Gastrostomy Tube

Gastrostomy Tube

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Pre-Procedure

Indications:
• Enteral feeding for long-term nutritional support
• Gastric decompression

Many more specific indications that fall into the above categories such as:
• Impaired swallowing
• Stroke
• Aspiration
• Esophageal obstruction

Contraindications:
• Lack of safe access to the stomach; large hiatal hernia or prior surgery
• Uncorrectable coagulopathy
• Peritonitis
• Bowel ischemia
• Gastric varices
• Gastric cancer or peritoneal carcinomatosis
• Severe gastroesophageal reflux
• Ascites

Preprocedural evaluation:
• H&P
• Prior surgery or radiation to stomach or abdomen
• Labs: coagulation profile and CBC
• Prior Imaging - cross sectional of the abdomen
• Provide contrast to patient for oral intake day before procedure to opacify the colon

Procedure

Antibiotics:
Push technique:
• 1-2 g cefazolin (Ancef) IV preprocedure
• Clindamycin if PCN allergy
Pull type:
• 1-2 g cefazolin (Ancef) IV preprocedure
• 500 mg cephalexin (Keflex) PO BID x 5 days following procedure
• Clindamycin for PCN allergy

Procedure:
Many techniques for placing gastrostomy tube. Push method described below

Prep
• Work from patient's left and have US prepped for liver marking
• Place nasogastric tube if not already done
• 0.5-1.0 g of glucagon to reduce gastric motility and emptying
• Insufflate stomach with air
• Mark liver edge with US

Place T-fasteners
• Optimal G-tube placement is equal distance between greater and lesser curvature at mid to distal body of stomach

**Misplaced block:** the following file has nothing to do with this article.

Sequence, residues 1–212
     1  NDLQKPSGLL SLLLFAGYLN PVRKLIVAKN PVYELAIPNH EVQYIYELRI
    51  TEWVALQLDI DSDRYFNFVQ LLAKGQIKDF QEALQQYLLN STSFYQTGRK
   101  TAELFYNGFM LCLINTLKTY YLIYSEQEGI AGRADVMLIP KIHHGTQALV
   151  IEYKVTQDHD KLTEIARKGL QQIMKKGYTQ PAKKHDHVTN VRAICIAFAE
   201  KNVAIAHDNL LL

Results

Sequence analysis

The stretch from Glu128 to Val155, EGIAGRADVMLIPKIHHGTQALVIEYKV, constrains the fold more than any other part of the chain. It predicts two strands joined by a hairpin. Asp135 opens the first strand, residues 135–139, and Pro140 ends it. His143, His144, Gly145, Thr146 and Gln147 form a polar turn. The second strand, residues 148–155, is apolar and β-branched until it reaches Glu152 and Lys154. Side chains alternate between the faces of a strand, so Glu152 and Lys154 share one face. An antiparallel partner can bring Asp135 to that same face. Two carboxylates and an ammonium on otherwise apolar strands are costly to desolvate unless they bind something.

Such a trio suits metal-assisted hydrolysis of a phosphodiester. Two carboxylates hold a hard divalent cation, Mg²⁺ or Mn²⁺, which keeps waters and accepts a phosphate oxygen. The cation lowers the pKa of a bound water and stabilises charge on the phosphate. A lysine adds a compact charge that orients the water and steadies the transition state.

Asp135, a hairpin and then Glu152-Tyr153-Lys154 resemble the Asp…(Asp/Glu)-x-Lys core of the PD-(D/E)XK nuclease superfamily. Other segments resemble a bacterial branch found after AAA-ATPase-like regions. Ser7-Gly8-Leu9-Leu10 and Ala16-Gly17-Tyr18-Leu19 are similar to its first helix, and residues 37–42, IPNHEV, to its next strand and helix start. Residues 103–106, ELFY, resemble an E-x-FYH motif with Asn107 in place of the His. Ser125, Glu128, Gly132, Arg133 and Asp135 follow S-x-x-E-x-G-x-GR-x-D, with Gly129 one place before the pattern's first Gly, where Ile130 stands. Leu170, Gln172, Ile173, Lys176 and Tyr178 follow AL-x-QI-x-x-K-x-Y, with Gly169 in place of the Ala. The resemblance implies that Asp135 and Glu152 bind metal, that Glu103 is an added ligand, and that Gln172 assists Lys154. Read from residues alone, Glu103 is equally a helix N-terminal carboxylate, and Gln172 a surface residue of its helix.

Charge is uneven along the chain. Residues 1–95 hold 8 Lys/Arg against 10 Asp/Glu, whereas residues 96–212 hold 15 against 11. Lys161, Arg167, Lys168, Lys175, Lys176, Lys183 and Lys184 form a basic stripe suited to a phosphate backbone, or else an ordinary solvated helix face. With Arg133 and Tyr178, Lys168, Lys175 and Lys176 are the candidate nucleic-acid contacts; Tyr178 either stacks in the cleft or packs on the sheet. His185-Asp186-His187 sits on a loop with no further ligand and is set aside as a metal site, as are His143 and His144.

• Connect T-fasteners to connection tube with half-filled contrast syringe
• Choose entry site in AP projection and seat needle in soft tissue
• Advance T-fasteners with image intensifier in RAO position: keeps hands out of field and easier to visualize needle indenting the gastric wall
• Aspirate air, then injection contrast to identify gastric folds
• Place 1-3 T-fasteners

Gastrostomy tube
• Advance 18 g needle into stomach
• Some angle toward antrum anticipating subsequent GJ conversion
• Place 0.035" wire - Amplatz Super Stiff (Boston Scientific)
• Serially dilate
• Advance sheath. Some telescoping sheaths are able to dilate and peel-away
• Place G-tube
• Inflate balloon with sterile water (reasonable to add contrast to solution for better visualization of balloon)
• Inject contrast to outline gastric folds and confirm intragastric position
• Pull balloon to anterior wall and secure disc


Post-Procedure

Postprocedural care:
• Patient fasting x 12 hours
• Assessed the following day for peritoneal signs
• Instill 30-60 cc of saline through G-tube into stomach: check for resistance with injection or signs of discomfort
• G-tube is then cleared for enteral feeding

Complications:
Minor:
• Tube occlusion: 4.5%
• Tube dislodgement: 1.3 - 4.5%
• Leakage around tube: 11%
• Superficial stomal infection: 25 - 45%

Major
• Death: 0.3%
• Peritonitis: 1.3%
• Hemorrhage: < 3%
• Severe skin infection: minimal
• Bowel perforation: minimal

Follow-up:
• If gastropexy tacks do not resorb, remove in 2 weeks
• Chage tube Q6 months or as needed
• First exchange should be with fluoroscopy
• Subsequent exchanges can be done without fluoroscopy

Related Procedures

No related procedures.

 

References